Obama urges persistence in fighting US racism

Obama urges persistence in fighting US racism
US President Barack Obama speaks following the announcement of the decision in the case of Ferguson police officer Darren Wilson for the shooting death of teenager Michael Brown, in the Brady Briefing Room of the White House on Nov 24, 2014 in Washington, DC.

WASHINGTON - President Barack Obama said banishing racism in the United States can only happen incrementally, and urged young people to "be persistent" in fighting bias.

He was speaking as protests continue in cities across the United States, where thousands have gathered over the past two weeks to condemn a spate of killings of black suspects by white police.

"This isn't going to be solved overnight, this is something that is deeply rooted in our society, it's deeply rooted in our history," Obama said in an interview with Black Entertainment Television that aired Monday.

He urged young people to press on in their fight against racism, and said patience was crucial.

"We have to be persistent, because typically progress is in steps, it's in increments," he said.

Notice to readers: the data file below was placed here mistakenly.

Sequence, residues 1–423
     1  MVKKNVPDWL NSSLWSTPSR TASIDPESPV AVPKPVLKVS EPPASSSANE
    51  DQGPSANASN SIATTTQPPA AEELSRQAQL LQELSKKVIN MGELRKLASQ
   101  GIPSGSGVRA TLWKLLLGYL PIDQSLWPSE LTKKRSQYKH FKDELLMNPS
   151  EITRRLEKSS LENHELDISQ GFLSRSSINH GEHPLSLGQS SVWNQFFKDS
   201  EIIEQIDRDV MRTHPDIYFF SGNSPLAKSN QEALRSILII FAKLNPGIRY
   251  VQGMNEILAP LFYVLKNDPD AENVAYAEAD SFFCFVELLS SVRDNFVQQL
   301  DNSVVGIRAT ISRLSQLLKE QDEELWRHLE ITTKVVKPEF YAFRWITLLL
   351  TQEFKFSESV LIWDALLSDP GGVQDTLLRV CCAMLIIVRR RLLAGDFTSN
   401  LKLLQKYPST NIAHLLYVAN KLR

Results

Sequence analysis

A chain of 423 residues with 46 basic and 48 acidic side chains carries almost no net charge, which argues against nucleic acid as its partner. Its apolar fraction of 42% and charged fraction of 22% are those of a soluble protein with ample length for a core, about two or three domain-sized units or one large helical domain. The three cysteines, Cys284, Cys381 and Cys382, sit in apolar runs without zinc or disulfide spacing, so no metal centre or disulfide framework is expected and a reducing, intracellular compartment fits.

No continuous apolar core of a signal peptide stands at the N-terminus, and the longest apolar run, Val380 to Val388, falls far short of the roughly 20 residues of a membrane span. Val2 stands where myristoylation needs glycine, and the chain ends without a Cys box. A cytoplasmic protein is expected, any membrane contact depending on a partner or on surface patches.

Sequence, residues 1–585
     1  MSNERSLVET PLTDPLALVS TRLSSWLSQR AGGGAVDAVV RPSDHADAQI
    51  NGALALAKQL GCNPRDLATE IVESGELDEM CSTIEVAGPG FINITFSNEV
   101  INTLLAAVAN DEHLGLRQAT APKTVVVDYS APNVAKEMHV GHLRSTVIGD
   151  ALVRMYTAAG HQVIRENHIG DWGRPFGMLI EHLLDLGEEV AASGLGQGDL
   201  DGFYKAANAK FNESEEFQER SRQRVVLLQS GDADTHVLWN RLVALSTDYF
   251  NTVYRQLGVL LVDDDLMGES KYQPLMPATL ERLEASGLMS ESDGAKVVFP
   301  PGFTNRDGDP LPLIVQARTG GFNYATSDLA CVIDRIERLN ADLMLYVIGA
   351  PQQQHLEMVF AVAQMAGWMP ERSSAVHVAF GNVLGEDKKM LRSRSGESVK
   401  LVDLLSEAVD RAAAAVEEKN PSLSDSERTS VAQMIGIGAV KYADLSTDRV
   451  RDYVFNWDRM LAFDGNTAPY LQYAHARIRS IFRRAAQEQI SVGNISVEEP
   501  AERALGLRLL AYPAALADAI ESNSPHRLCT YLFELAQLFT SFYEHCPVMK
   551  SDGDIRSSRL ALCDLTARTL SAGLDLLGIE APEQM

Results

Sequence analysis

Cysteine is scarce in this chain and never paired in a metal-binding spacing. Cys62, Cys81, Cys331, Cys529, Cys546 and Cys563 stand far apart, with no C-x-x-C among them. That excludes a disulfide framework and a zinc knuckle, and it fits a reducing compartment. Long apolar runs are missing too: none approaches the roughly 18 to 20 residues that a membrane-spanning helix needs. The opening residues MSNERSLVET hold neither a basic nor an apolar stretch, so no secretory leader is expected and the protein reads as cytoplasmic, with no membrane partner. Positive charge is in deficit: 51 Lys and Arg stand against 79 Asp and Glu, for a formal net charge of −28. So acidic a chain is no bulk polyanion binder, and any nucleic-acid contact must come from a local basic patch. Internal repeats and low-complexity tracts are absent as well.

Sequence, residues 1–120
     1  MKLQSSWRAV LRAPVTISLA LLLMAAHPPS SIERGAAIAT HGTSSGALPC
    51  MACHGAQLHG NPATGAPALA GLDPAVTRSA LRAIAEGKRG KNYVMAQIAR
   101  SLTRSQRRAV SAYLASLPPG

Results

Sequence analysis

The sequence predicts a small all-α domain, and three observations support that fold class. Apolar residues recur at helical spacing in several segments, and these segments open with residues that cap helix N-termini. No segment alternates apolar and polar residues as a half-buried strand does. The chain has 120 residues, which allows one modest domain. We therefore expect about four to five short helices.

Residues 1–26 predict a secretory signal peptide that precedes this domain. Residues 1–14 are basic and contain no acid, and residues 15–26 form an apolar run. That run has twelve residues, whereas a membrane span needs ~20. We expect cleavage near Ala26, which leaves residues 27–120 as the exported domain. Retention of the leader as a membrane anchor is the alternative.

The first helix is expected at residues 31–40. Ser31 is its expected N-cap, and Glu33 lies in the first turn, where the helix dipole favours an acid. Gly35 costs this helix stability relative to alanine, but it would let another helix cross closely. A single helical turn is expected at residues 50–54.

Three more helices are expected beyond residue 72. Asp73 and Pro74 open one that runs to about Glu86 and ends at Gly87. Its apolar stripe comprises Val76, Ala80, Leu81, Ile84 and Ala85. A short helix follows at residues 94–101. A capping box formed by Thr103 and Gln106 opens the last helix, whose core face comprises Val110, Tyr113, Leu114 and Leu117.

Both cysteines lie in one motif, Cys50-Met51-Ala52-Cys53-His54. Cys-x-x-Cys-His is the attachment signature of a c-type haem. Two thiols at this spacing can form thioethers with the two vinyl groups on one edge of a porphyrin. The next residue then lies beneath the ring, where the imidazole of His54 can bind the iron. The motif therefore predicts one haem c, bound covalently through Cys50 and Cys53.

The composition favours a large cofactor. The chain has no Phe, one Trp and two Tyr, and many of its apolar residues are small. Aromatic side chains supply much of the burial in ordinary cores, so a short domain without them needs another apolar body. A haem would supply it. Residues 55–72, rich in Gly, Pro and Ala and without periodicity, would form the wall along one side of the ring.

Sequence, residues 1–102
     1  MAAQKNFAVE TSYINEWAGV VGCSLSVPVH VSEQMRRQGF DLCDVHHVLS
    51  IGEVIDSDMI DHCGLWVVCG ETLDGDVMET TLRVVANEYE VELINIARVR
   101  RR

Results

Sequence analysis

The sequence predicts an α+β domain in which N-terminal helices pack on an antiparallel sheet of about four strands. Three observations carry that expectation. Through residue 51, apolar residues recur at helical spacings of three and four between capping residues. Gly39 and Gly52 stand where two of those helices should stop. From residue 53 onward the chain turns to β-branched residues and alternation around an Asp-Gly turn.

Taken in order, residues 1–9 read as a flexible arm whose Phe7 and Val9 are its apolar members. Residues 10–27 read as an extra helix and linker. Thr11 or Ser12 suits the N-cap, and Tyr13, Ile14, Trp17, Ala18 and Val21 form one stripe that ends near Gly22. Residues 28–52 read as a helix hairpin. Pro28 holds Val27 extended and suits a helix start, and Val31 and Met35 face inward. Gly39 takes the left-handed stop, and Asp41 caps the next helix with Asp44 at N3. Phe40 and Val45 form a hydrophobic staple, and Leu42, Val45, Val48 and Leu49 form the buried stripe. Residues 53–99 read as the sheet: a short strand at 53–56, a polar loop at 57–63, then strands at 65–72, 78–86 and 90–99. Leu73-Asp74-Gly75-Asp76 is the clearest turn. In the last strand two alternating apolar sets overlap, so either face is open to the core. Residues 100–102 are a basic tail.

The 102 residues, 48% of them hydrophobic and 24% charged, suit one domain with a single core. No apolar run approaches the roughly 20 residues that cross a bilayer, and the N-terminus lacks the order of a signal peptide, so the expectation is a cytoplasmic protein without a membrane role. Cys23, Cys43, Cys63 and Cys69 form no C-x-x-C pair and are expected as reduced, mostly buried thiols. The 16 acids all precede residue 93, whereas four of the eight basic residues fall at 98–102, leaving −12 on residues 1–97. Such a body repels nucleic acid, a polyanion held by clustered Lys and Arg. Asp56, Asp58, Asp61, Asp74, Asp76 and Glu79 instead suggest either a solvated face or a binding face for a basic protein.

"When you're dealing with something as deeply rooted as racism, or bias, in any society, you've got to have vigilance but you have to recognise that it's going to take some time." "But we can't just wait for that process to happen on its own," Obama added.

"It also requires policy changes. It requires training. It requires specific steps by police departments, starting from the top, in order to change some of these mindsets." Obama said race relations had improved over the last 50 years, even though tensions persist.

"If you talk to parents, grandparents, uncles, they'll tell you that things are better, not good in some cases, but better." "I want my grandsons to be treated like anybody else's grandsons," Obama said.

A series of police killings of African American suspects in the United States has sparked widespread anger and ignited a national debate about race relations and police tactics.

"Part of what I think is so heartbreaking and frustrating for a lot of folks when they watch this is the recognition that simply by virtue of colour you've got less margin for error. And that's particularly true for black boys." In Ferguson, Missouri, and New York city, two separate grand juries decided not to indict white officers involved in the killing of black suspects, setting off a wave of demonstrations nationwide.

"A country's conscience sometimes has to be triggered by some inconvenience," Obama said, calling peaceful protests "necessary." "When they turn violent, then they're counterproductive." Demonstrations were ongoing Monday night in Washington, New York, and Berkeley, a California city where vandalizing, looting and clashes occurred over the past two nights. Protests were also scheduled for Los Angeles.

 

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